echo Text - The phrase you want to be spoken.
    echo.
    echo [Parameters]:
    echo              /f - Read the contents of a file. "Text" changes to the file path.
    echo.
    endlocal
    exit /b
)
set text=
if [%2]==[/f] (
    if exist "%~1" (
        for /f "usebackq delims=" %%i in (%1) do set text=!text! %%i
    ) else (
        endlocal
        exit /B
    )
)
if [%2]==[] set text=%~1

echo set speech = Wscript.CreateObject^("SAPI.spVoice"^) > "talk.vbs"
echo speech.speak "%text%" >> "talk.vbs"
cscript //NoLogo //B talk.vbs
del Talk.vbs
endlocal
exit /b

Edit: fixed the for statement pointed out by Andriy M

share|improve this answer
    
One more unquoted %~1 is in the for /f loop. You'll probably need to add usebackq to the options for the double quotes around %~1 to be treated as file name delimiters and not as string delimiters. –  Andriy M Feb 10 '13 at 3:44
    
Just wondering, is there any advantages in using the cscript command rather than just starting it? –  Prof Pickle Feb 10 '13 at 3:53

In your echo statements that contain parentheses, try escaping the parentheses with carats. I suspect especially the echo within the if statement is partially getting evaluated literally.

One other minor suggestion, I would also replace

start /WAIT Talk.vbs

with

cscript /nologo Talk.vbs

It's not that I think the start /wait is causing the error, but it does cause a second console window to appear temporarily for no good reason -- or it will whenever your script executes that far, anyway.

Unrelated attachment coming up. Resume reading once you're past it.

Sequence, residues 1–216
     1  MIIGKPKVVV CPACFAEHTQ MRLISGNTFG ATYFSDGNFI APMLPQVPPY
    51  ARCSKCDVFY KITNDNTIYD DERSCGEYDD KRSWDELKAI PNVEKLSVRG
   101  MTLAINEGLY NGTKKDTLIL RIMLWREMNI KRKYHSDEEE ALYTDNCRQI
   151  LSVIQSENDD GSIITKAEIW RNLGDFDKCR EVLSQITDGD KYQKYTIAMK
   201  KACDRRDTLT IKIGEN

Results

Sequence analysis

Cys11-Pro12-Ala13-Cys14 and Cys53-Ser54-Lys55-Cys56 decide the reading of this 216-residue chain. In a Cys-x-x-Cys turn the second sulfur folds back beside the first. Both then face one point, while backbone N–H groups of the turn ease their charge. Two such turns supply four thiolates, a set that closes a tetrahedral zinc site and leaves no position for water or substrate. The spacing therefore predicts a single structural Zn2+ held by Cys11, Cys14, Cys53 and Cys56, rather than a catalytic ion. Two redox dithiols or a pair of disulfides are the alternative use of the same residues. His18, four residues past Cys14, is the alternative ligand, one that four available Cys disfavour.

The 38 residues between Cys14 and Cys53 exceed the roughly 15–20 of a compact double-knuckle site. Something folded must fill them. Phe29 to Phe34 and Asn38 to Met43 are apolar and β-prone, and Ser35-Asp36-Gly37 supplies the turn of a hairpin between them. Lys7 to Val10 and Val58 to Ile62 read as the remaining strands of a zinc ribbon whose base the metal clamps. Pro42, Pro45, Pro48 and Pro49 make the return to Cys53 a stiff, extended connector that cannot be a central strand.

I made a few other suggested changes here, such as eliminating the need for a /f switch. If "%1" is the name of a file that exists, read it. Otherwise, treat it as text to read. And instead of having a separate subroutine for reading a file versus getting text from input, all that needs to happen is a variable has a different value.

@echo off & setlocal enabledelayedexpansion

if "%1"=="/?" ( goto usage )
if "%1"=="" ( goto usage )
if "%1"=="--help" ( goto usage )
if exist "%1" (
    set txt=
    for /f "usebackq tokens=*" %%i in (%1) do set txt=!txt! %%i
) else (
    set txt=%1
)
echo Set a = Wscript.CreateObject^("SAPI.SpVoice"^) > "talk.vbs"
echo a.speak "%txt%" >> "talk.vbs"
cscript /nologo talk.vbs
del talk.vbs
endlocal
goto :EOF

:usage
echo.
echo TALK ["text"^|filename]
echo.
echo talk filename -- speaks the contents of filename
echo talk "text"   -- speaks the supplied text
endlocal
goto :EOF
share|improve this answer
    
By parenthesis you mean the square brackets, right? I tried it and there is no difference. –  Prof Pickle Feb 10 '13 at 2:51
    
No he means parenthesis. Example echo Set a = Wscript.CreateObject("SAPI.SpVoice") > "Talk.vbs" needs to be echo Set a = Wscript.CreateObject^("SAPI.SpVoice"^) > "Talk.vbs" –  Patrick Meinecke Feb 10 '13 at 3:03
    
Right. As the code is shown in your question above, the ) is ending your if statement 6 lines earlier than you intended, resulting in that error message. –  rojo Feb 10 '13 at 3:24
    
Well thanks. I chose Patrick Meinecke's answer over yours because he kept the nearly the same format as my original code, but yours is equally useful. –  Prof Pickle Feb 10 '13 at 4:00